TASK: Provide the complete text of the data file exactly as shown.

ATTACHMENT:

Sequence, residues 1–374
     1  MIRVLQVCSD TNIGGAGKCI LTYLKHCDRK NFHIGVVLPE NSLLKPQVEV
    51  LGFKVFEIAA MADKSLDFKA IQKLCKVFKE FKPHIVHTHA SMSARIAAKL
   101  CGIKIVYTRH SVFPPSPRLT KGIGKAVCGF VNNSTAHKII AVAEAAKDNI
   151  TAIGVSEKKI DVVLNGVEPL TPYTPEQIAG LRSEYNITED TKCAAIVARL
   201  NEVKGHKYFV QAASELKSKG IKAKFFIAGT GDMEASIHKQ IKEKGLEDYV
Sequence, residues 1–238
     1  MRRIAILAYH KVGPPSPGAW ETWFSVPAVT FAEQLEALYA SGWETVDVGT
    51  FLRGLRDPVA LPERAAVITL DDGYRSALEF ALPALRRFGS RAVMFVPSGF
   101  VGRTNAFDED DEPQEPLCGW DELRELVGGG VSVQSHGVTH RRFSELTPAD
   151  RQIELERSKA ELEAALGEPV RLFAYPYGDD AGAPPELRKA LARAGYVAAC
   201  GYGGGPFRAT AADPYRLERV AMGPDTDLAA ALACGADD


Sequence, residues 1–374
     1  MIRVLQVCSD TNIGGAGKCI LTYLKHCDRK NFHIGVVLPE NSLLKPQVEV
    51  LGFKVFEIAA MADKSLDFKA IQKLCKVFKE FKPHIVHTHA SMSARIAAKL
   101  CGIKIVYTRH SVFPPSPRLT KGIGKAVCGF VNNSTAHKII AVAEAAKDNI
   151  TAIGVSEKKI DVVLNGVEPL TPYTPEQIAG LRSEYNITED TKCAAIVARL
   201  NEVKGHKYFV QAASELKSKG IKAKFFIAGT GDMEASIHKQ IKEKGLEDYV
Sequence, residues 1–238
     1  MRRIAILAYH KVGPPSPGAW ETWFSVPAVT FAEQLEALYA SGWETVDVGT
    51  FLRGLRDPVA LPERAAVITL DDGYRSALEF ALPALRRFGS RAVMFVPSGF
   101  VGRTNAFDED DEPQEPLCGW DELRELVGGG VSVQSHGVTH RRFSELTPAD
   151  RQIELERSKA ELEAALGEPV RLFAYPYGDD AGAPPELRKA LARAGYVAAC
   201  GYGGGPFRAT AADPYRLERV AMGPDTDLAA ALACGADD